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SportsColumnistsKimberley Martin

Rex Ryan's transparency replaced by avoidance

Rex Ryan takes questions from the media after

Rex Ryan takes questions from the media after a loss to the Tennessee Titans at LP Field. (Dec. 17, 2012) Photo Credit: Getty

Rex Ryan had no problem expressing himself when he first arrived in Florham Park in 2009, telling us just what he thought of Bill Belichick's Super Bowl rings.

But now, after four seasons as coach of the Jets, Ryan suddenly has forgotten how to say anything worth listening to.

His shtick -- a dose of unapologetic arrogance mixed with good-natured ribbing -- was once considered refreshing. But his act has fallen by the wayside, replaced by blatant avoidance of the most basic questions.

For someone who touts transparency and openness, Ryan has gone out of his way to provide the exact opposite. Like a frustrated parent who says "Because I said so" in hopes of quieting a curious child, Ryan has taken a similar path with the media. "It was my decision" has become his mantra when pressed about his bewildering roster moves involving Tim Tebow and Greg McElroy.

But here in New York, any form of "because I said so" isn't going to fly.

Had Ryan said weeks (if not months) ago that the Tebow experiment had failed, that the backup's skill set just doesn't mesh with the Jets' vision for the offense, there'd be no reason to question why Ryan chose McElroy to replace Mark Sanchez in Week 16. But instead, Ryan has publicly praised Tebow as a potent Wildcat threat as well as a competent passer -- even though he has kept Tebow idle on the sideline for much of the season.

Despite Ryan's words, it has become painfully clear to everyone that Ryan has no faith in Tebow's abilities, his decision-making or his desire to improve his technique.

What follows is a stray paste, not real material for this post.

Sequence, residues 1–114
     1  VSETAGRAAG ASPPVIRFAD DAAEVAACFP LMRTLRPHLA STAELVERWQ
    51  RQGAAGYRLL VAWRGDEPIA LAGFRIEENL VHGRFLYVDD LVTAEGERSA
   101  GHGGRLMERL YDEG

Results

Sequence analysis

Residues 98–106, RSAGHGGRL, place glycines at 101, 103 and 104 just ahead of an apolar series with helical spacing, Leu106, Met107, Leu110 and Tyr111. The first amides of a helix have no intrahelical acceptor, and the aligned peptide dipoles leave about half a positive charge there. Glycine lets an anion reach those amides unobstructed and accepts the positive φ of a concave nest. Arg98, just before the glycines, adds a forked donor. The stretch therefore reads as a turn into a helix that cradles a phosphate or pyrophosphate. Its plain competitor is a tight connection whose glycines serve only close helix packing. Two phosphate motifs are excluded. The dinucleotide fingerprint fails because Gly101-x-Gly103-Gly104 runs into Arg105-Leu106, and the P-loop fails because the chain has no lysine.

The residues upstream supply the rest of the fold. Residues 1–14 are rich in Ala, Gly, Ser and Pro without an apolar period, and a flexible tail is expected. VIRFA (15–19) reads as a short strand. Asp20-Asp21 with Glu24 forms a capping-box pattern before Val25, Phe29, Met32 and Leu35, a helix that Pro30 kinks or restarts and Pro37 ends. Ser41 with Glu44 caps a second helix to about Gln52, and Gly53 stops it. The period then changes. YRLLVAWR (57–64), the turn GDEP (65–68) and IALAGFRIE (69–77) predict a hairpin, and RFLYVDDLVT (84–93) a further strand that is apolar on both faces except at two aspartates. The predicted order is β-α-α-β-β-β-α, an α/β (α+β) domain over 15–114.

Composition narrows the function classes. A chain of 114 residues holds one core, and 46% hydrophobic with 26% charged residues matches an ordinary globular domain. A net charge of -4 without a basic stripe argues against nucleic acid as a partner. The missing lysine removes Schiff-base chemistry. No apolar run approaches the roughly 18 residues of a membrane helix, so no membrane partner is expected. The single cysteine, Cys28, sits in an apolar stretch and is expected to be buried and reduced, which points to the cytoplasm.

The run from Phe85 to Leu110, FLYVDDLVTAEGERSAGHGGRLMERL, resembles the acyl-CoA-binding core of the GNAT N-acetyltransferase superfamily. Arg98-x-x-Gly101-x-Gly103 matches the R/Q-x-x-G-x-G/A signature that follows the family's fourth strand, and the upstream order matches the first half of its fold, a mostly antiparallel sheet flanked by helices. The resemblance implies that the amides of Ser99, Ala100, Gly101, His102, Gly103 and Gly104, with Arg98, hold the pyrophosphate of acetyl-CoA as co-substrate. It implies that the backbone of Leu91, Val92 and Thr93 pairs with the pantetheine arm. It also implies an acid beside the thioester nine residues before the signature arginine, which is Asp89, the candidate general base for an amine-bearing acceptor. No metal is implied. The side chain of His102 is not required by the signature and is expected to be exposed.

Ryan had a chance to set the record straight in the wake of reports stating Tebow asked to sit out of the Wildcat this past week. But the coach's Monday conference call became the latest example of his refusal to shed light on the bizarre timetable of Tebow's existence on his team.

Asked if he's been "forthcoming" in regard to why he's chosen not to use Tebow much this season, the coach responded: "I've been transparent, and all that stuff, without question. But I'm not going to give you a private conversation that I would have with a player. That's between him and I. And if he wants to share whatever the conversation is -- Tim or anybody else -- then that's up to him."

When the reporter tried to explain to Ryan that he hadn't answered the question, the coach snapped: "Well, I guess I'm missing the point. I think I'm about as open a coach. I try to provide everything I can to the media. I understand, I recognize you guys have a job to do, without question. And I try to provide a means for you guys to get your job [done].

"But the only thing I would say, is if I thought there was a competitive advantage to something, then I would obviously keep with that. I don't know what else to say. I don't try to hide things."

Ryan grew testy when told he is now viewed as someone who refuses to give straight answers. The claim caught Ryan off guard.

"Well, have I lied about anything?" Ryan said.

Time will soon tell.

Tebow's tenure with the Jets is likely to end this offseason. And there's little doubt those closed-door conversations between the Jets' front office and Tebow will surface in the days, weeks and months to come. And perhaps then, Jets fans will know whether to believe Ryan when he says: "I've been transparent."

New York Sports